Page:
It is important to be aware that Singapore’s bubble economy may continue inflating for several more years if the U.S. Fed Funds Rate and SIBOR continue to be held at such low levels. Also, while I compared Singapore’s bubble economy to Iceland’s bubble economy before its collapse, I am not implying that these two bubbles are exactly alike or that their crises will play out identically. My argument is that both countries had or have finance and real estate-heavy island economies that were seen as safe-havens while their bubbles inflated and created an illusion of economic vitality.
As I’ve been saying even before this summer’s EM panic, I expect the ultimate popping of the emerging markets bubble to cause another crisis that is similar (though not identical in every technical sense) to the 1997 Asian Financial Crisis, and there is a strong chance that it will be even worse this time due to the fact that more countries are involved (Latin America, China, and Africa), and because the global economy is in a much weaker state now than it was during the booming late-1990s.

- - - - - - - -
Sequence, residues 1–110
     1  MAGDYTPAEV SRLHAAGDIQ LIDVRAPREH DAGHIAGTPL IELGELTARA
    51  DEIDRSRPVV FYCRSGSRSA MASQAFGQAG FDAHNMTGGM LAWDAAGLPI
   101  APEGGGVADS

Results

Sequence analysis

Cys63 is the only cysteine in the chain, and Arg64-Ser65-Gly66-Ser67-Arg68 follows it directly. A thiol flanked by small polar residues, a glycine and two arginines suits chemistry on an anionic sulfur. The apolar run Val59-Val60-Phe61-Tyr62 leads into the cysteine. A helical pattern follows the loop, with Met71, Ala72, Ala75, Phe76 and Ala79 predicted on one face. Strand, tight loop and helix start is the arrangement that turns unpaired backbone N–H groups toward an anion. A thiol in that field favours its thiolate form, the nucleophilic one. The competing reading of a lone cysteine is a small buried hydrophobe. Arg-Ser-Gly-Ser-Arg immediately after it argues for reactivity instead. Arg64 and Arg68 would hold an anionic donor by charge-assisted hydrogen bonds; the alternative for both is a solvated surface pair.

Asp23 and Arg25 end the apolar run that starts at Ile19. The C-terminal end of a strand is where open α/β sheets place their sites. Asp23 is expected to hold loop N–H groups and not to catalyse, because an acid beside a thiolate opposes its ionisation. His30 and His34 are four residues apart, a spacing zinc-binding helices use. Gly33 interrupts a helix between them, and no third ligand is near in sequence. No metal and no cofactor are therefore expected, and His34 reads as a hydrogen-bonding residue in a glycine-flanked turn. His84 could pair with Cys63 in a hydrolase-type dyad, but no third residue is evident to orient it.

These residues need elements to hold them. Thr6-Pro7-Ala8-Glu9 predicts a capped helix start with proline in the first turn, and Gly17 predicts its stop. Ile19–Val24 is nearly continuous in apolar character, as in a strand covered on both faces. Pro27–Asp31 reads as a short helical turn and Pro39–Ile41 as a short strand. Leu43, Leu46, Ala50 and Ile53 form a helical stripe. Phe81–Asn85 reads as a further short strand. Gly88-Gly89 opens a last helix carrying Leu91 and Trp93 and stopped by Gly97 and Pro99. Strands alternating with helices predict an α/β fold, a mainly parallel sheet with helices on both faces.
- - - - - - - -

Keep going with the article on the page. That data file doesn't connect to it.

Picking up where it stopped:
We will end this report with a relevant quote from economist Ludwig Von Mises:
“There is no means of avoiding the final collapse of a boom brought about by credit expansion. The alternative is only whether the crisis should come sooner as a result of a voluntary abandonment of further credit expansion, or later as a final and total catastrophe of the currency system involved.”